IFC films has brought to my attention another great film I would have otherwise missed. The Killer Inside Me is a gruesomely depicted film, void of emotion, that really showed off how well Casey Affleck could act. Better than his brother, but that’s not hard to imagine. A lot of things struck me in the slowly paced film noir (reminded me of the South’s version of L.A. Noire) about a man spiraling out of control that I wasn’t expecting. You think he was made a killer out of happenstance. You learn something frighteningly different.
Lou Ford (Casey Affleck) is a well to do sheriff in a small podunk town. He’s called out one day to a run down house outside of town in order to force a well known prostitute to abandon her position there. What
happens is something you wouldn’t expect. This nice boy is smacked across the face and forced to leave. But he finds love, and pain, in the prostitute he brutally beats back. In a sadomasochistic love affair, Lou and Joyce (Jessica Alba) hatch a plan with unexpected drawbacks.
What blew me away in this film was in fact Casey Affleck’s performance. Whenever you are introduced to a character in a film, especially the main character, you want that person to wow you. They’re the person you’ll most likely be following the entire film. And when a character like this who is seen as so traditionally brutal and evil, without an emotion on his face, somewhere inside you wants to root for them. You become so wrapped up in a good actor’s performance that you don’t wanna see it end with them getting caught.
There were some other great appearances in this film as well. The classic Ned Beatty makes an appearance as the rich
villain, Chester Conway. From the outset of the movie, you think he’s the bad guy. But how little you know… Tom Bower from my favorite horror movie, The Hills Have Eyes, makes a great minor role player as the head Sheriff Bob Maples. His southern drawl and terrible drinking problem made him a great comedic relief at times. Elias Koteas, one of those standard character actors makes an appearance as the union leader, Joe Rothman. Ever since I first laid eyes on his acting, I realized Koteas can slip into anyone’s skin and make it seem natural. And Bill Pullman makes a great cameo towards the end as a lawyer. I had a little chuckle with that.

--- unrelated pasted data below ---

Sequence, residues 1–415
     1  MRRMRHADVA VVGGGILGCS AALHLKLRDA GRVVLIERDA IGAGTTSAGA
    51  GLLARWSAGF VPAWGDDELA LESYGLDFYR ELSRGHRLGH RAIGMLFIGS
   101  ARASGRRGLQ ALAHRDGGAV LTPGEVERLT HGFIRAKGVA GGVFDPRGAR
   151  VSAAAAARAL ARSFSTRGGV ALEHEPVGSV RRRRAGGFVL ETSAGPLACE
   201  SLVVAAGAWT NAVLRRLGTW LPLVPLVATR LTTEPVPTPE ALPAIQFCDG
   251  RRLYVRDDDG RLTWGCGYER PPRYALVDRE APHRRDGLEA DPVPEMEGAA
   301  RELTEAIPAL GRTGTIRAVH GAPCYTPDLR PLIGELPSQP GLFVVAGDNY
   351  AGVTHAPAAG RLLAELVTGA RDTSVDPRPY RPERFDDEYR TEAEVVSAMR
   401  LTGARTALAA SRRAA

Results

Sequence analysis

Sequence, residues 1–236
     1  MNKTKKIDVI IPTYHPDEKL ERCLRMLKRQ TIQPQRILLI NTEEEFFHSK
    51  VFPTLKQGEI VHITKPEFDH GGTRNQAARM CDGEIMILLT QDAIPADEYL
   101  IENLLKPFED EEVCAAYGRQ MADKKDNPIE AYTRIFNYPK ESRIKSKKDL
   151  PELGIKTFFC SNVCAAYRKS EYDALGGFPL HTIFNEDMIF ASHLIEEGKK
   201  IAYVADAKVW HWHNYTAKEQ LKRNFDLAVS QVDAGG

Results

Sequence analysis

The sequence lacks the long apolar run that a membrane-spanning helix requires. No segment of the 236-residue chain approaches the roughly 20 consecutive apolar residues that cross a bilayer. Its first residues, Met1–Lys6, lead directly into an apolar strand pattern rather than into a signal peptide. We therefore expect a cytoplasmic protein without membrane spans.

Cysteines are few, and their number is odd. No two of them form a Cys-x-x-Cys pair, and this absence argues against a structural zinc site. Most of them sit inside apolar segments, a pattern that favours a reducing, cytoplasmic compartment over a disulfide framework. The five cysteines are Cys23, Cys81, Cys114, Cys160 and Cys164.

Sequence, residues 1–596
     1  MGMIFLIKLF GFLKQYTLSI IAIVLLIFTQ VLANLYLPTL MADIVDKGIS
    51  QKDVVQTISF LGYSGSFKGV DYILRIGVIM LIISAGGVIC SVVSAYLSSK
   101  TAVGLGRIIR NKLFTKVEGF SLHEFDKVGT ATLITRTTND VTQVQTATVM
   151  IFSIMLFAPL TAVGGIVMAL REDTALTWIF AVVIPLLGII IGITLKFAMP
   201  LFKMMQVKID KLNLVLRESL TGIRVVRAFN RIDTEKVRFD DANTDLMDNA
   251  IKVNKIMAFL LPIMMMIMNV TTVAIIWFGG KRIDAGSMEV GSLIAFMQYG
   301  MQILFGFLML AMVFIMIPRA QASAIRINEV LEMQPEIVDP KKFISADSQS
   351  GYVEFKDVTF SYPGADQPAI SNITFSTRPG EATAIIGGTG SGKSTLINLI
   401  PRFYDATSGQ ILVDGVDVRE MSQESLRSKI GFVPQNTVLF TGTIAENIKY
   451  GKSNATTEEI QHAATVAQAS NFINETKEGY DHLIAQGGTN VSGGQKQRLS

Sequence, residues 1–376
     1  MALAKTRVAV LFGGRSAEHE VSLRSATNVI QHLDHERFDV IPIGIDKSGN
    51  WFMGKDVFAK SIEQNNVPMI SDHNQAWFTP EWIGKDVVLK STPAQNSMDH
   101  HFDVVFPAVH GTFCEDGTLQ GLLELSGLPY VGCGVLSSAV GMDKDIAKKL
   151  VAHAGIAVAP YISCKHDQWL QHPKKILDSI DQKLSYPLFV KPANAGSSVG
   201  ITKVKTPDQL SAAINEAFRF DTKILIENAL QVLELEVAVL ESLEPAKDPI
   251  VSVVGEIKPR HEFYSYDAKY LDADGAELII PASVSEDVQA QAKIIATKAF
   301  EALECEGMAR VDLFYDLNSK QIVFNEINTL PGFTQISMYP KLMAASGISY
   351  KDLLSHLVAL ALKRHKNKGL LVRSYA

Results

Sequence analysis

I think what upset a lot of people about this movie (confirmed by Wiki, as usual), is the violence towards women. All of Lou Ford’s sexual interests is beaten to death or near death throughout the film by him. It is in fact hard to watch, but it wouldn’t be a movie about a killer if he never did anyone in… What disturbed me more, personally, is the belt strangling Jessica Alba and Kate Hudson, more than the punches and bruises. The perverse and weird that is meant for behind closed doors, flaunted on camera, and no one mentioned that as a point of discomfort? Oh wait, sex is art and violence in movies is inexcusable… I get the double standard… So where does violent sex acts stand?
This movie, at its core, for me, was about a man losing control of his life. He was a normal person, with some major
developmental bumps along the way. He thought becoming a police officer would set him on the right track, but he grew bored. He needed the excitement of the extraordinary and the ability to get away with it as a cop gave him his high. Up until the very end, he felt he could get
away with it. When all was said and done, he still kept his cool and let the world burn around him. It was an eerie film to witness, but made all the more interesting by its brutality and poetic separation from humanity.
If you’ve played L.A. Noire, or love noir films, you have to check this movie out. It breaks away from the genre and sets itself apart as a twisted version of what it sets out to do. It may have upset people who didn’t want to see it, but it may just be right for you to see. Let me know what you think. 9.1 out of 10.